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Short Biography of Imam Hassan Al-Basri رحمہ اللہ

Praise be to Allah, and prayers and peace be upon the Prophet Mohammad (عليه سلام) and his sanctified and dedicated Companions (رضي الله عنه), as well as all their followers till the Day of Judgment.

In this article, we present a brief biography of Imam Hassan al Basri who was a theologian, a Quranic exegete, a scholar of hadiths, a preacher, a jurist, and one of the eight well-known ascetics of the first and second/seventh and eighth centuries.

Name: Abu Saʿid bin al-Hasan Yasar al-Basri

Title: Imam al-Tabi’in, Sayyid al-Tabi’in, and Shaykh al-Islam.

1. Kunya: Abu Sa’id .

2. Father: Yasar al-Basri.

3. Mother: Khayra.

4. Born: 21 AH/641 CE,Medina, Hejaz, Sa’ūdi Arabia.

5. Denomination: Ahl Sunnāh wal Jammat.

6. Creed: Atharii.

7. Died: Friday, 5th Rajab 110 AH/15 October 728, Zūbaīr, Iraq.

8. Age of death: 86.

9. Buried: Zūbaīr, Basra province of Iraq.

10. Ethnicity: Persian.

11. Works Tafsir al-Qur’an (exegesis of the Qur’an).

Birth:

Imam Hasan al-Basri was born in 642, nine years after the Prophet’s death, in Medina to Yaser and Khayra, both freed slaves in Medina and grew in Wadi l-Qura (in suburbs of Medinah Munawariah). Hasan was raised within the inner circle of the Prophet’s family. Hazrat Umar ibn al-Khattab is said to have given the name Hasan (which means beautiful) to him and prayed for him when he was a child.

Hazrat Umar (رضی الله عنه) made the dua, “Give him a true understanding of the Deen and make him beloved by the people”.

   قال عمر بن الخطاب رضي الله عنه: اللهم فقِّهه في الدين، وحبِّبه إلى الناس (البداية والنهاية)۔

When asked what his motivation was, Ḵhawāja Hasan al-Basri said it was the blessed company of the two years he was present in the Caliphate of Hazrat Umar (رضی الله عنه).

عن الحسن ، قال لي الحجاج : ما أمدك يا حسن ؟ قلت : سنتان من خلافة عمر 

(سير اعلام النبلاء)

Khawāja Hassan al Basri (رحمه‌الله) is an example of how the company we keep is our compass in a world of challenges and temptations. In his early life, he would absorb the knowledge of Zayd bin Thabit (رضی الله عنه), Umm Salamah (رضی الله ), and the other Companions of the Prophet (علیه السلام). It is one thing to absorb the knowledge from books but another level to witness people who directly received the light of Islam from the Prophet (علیه السلام). Witnessing how the Companions inculcated and practiced the teachings of the Prophet (علیه السلام) is more potent than merely reading his Hadith. To interact with Companions of the Prophet (علیه السلام) who continued to put their lives on the line to defend his message is more inspirational than simply knowing the tenets of belief. Ḵhawāja Hasan al Basri (رحمه الله) absorbed the knowledge of his teachers in Madina.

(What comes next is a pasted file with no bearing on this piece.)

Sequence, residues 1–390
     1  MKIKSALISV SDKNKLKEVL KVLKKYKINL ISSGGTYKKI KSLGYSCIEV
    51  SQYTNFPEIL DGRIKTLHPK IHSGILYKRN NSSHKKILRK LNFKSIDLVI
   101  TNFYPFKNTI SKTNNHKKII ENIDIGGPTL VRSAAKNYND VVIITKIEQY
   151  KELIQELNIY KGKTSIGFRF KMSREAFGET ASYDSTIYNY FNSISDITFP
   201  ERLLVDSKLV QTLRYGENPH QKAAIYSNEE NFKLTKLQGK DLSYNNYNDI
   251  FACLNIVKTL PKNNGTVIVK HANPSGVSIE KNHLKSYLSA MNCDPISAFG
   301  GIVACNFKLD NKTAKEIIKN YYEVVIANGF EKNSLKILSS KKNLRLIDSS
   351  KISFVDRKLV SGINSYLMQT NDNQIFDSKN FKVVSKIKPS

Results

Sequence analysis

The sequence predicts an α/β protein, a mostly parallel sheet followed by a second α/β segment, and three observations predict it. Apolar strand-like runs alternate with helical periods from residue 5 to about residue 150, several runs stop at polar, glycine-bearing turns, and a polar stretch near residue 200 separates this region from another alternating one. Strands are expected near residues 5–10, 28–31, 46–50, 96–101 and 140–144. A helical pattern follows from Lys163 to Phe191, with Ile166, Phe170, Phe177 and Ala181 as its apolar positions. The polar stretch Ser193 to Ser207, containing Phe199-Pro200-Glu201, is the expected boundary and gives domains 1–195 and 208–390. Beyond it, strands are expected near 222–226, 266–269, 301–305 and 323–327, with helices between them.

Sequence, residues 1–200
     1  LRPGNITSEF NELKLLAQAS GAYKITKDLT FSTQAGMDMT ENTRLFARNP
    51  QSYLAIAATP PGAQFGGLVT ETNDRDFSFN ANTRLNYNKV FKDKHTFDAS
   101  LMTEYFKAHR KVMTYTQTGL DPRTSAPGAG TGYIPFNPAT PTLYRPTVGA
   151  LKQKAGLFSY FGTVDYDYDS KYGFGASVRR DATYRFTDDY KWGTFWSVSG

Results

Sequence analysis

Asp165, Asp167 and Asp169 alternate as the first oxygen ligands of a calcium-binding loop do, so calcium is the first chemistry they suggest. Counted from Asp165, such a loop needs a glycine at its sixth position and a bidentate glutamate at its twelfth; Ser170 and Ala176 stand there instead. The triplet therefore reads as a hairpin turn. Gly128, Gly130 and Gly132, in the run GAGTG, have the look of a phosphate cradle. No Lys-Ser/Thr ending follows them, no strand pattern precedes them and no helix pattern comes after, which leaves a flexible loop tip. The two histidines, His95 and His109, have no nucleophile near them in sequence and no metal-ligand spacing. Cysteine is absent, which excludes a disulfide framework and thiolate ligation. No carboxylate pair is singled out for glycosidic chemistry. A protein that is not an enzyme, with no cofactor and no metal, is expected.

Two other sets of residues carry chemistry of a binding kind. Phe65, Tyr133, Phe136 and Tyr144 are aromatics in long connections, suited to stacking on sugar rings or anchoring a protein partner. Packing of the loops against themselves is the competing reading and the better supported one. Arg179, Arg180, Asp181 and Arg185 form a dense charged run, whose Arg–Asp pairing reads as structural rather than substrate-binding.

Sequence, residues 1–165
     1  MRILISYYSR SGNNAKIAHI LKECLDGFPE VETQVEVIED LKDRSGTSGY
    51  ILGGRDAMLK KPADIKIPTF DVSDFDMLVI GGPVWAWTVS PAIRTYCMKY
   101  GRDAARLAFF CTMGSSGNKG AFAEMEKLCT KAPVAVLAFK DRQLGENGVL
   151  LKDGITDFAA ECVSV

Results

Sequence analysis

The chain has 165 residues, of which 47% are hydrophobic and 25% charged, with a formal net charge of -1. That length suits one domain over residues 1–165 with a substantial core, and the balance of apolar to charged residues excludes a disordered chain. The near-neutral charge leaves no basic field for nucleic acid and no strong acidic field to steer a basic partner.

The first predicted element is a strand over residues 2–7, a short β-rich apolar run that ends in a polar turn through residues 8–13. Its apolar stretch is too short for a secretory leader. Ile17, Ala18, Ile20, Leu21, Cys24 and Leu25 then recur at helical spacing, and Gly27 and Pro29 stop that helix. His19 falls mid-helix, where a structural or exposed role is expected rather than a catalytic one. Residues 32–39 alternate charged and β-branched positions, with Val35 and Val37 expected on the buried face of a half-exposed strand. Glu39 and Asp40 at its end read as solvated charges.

The Messenger of Allah (عليه السلام) informed us that the best companions are those whose appearance reminds us of Allah, whose speech increases our knowledge of Deen, and whose actions exemplify consciousness of the hereafter (Musnad ‘Abd bin Hameed).

عَنِ ابْنِ عَبَّاسٍ ، قَالَ : قِيلَ : يَا رَسُولَ اللَّهِ ، أَيُّ جُلَسَائِنَا خَيْرٌ ؟ قَالَ :  مَنْ ذَكَّرَكُمْ بِاللَّهِ رُؤْيتَهُ ، وَزَادَ فِي عِلْمِكُمْ مَنْطِقَهُ ، وَذَكَّرَكُمْ بِالآخِرَةِ عَمَلُهُ 

Imam Hasan al-Basri’s (رحمه الله) success was molded by the Companions who were his teachers and role models.

Father and Mother:

Imam Hasan’s father was from Iraqi province of Maysan (an area between Basrah and Waasit in Iraq) and was at first a Nasrani and his name was Yasar . In an Islamic conquest, Yasar was captivated and turned into one of Mawali (slaves). He was then taken to Medina and was emancipated after a while.

Imam Hasan’s mother, Khayra (also known with her teknonym, Umm al-Hasan), was captivated in the Conquest of Maysan, and had a bond of wala’ with Umm Salama, the wife of the Prophet (عليه السلام). Khayra taught the Qur’an to women and preached them. Moreover, she was allegedly a reliable transmitter of hadiths who transmitted hadiths from two wives of the Prophet (عليه السلام), Umm Salama and ‘A’isha, and her two sons, al-Hasan and Sa’id, as well as others, transmitted hadiths from her. Her hadiths have also been cited by prominent Sunni scholars.

Title and Teknonym:

Imam Hasan was known as Imam al-Tabi’in, Sayyid al-Tabi’in, and Shaykh al-Islam, and his teknonym was Abu Sa’id.

Imām of Basra, Lamp of Basra.

Migration to Basra: